Sony Pictures Entertainment will Thursday attempt to bridge the gap between user-generated web video and copyright-protected content when it launches a film clip download service on its Grouper platform.
The Sony subsidiary is launching “Screen Bites” on Grouper, a user generated video site similar to YouTube that it bought this summer for $65m.
Like other sites that specialise in user-generated content, Grouper has run into legal difficulties because its users have posted and published content protected by copyright. Universal Music recently began legal proceedings against the site for allowing users to post music videos of its artists.
However, under the new film clip service, Grouper users will be able to take clips from Sony’s film library and “embed” them in blogs and social networking sites such as MySpace.
The group is making clips available from several blockbuster films in its library, including Taxi Driver, On the Waterfront and Jerry Maguire. Users of the service will be able to download and use Cuba Gooding Jr’s “Show me the money!” scene from Jerry Maguire and Robert De Niro’s “You talkin’ to me?” Taxi Driver performance.
It is expected that more films will be eventually added to the service, which also includes US TV series such as Diff’rent Strokes, Fantasy Island and The Three Stooges.
There will be no charge for the service although Sony is hoping users will be compelled to buy the full-length versions of the films and television programmes, either by downloading them or buying them on DVD.
“A lot of short form content is produced without the type of talent that the studios can bring to bear,” said Sean Carey, executive vice-president of SPE’s digital services and distribution.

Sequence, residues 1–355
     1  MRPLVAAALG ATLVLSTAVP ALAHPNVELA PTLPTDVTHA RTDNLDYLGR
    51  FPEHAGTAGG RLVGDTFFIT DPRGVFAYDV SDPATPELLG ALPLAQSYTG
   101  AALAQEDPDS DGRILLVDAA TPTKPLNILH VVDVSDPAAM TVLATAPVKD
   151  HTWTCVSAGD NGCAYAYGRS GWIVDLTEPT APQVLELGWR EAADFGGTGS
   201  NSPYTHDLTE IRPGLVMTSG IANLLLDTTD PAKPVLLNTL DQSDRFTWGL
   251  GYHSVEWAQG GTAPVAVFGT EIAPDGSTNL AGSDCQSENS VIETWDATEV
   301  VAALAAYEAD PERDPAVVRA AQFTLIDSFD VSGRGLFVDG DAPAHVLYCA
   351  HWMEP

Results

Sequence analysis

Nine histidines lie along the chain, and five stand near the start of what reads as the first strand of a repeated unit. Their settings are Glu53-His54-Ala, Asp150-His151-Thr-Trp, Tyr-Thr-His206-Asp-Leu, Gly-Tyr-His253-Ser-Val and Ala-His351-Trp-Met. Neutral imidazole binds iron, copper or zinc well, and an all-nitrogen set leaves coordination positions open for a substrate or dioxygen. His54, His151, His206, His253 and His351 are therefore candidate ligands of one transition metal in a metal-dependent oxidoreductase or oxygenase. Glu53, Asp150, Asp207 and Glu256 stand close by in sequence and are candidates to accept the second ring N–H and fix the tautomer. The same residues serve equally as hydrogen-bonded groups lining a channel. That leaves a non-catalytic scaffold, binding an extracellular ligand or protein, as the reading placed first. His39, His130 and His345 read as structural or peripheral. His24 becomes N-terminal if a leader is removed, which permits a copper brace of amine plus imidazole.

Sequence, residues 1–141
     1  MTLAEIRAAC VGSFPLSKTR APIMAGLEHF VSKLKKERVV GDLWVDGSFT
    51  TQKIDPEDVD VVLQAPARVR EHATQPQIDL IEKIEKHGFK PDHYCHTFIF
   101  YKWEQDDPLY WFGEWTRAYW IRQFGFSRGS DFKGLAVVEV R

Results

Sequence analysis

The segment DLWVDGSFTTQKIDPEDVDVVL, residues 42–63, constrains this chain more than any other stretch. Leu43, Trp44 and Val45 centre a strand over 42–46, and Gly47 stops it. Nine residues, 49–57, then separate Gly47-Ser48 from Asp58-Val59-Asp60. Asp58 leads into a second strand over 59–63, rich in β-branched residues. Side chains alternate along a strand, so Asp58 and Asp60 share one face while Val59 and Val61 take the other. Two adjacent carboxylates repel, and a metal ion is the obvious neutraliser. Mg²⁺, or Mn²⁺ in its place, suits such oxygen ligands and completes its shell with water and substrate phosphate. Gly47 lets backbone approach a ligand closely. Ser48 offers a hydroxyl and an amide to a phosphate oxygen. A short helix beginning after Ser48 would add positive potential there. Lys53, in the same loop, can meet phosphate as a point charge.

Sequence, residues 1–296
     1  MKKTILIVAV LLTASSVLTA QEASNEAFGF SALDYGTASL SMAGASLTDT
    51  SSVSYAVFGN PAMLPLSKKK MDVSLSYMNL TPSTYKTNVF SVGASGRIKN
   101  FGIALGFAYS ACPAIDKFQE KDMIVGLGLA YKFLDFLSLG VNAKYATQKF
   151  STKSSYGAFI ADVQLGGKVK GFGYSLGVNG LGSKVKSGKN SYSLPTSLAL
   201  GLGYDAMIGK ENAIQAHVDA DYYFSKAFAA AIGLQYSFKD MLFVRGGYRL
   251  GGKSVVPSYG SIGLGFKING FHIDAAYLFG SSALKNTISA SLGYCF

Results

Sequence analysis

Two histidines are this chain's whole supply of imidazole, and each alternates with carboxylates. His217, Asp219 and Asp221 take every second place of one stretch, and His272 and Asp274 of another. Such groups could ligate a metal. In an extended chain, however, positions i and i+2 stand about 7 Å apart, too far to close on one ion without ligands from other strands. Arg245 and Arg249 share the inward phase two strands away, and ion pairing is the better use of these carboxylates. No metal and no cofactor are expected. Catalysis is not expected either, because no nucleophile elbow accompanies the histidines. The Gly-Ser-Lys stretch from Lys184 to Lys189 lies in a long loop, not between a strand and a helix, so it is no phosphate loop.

He denied that Sony was effectively giving away its content. “It’s really a marketing vehicle for sales of actual product.” The clips, he said, “will help us sell more DVDs and digital downloads…in a viral fashion.”
He added the company “did not have any issue” with the clips appearing on other video websites such as YouTube. “The premise here is to get as many eyeballs as we can so we can drive more sales of our product.”
Use of copyright-protected material on video websites has become a thorny issue. Google, which recently acquired YouTube for $1.65bn, has met the heads of several media conglomerates, including Viacom, Time Warner and News Corp, to head off potential law suits. Google offered the companies tens of millions of dollars for the right to broadcast the content legally on YouTube.
YouTube, which broadcasts 100m videos a day, is the web’s most popular video site.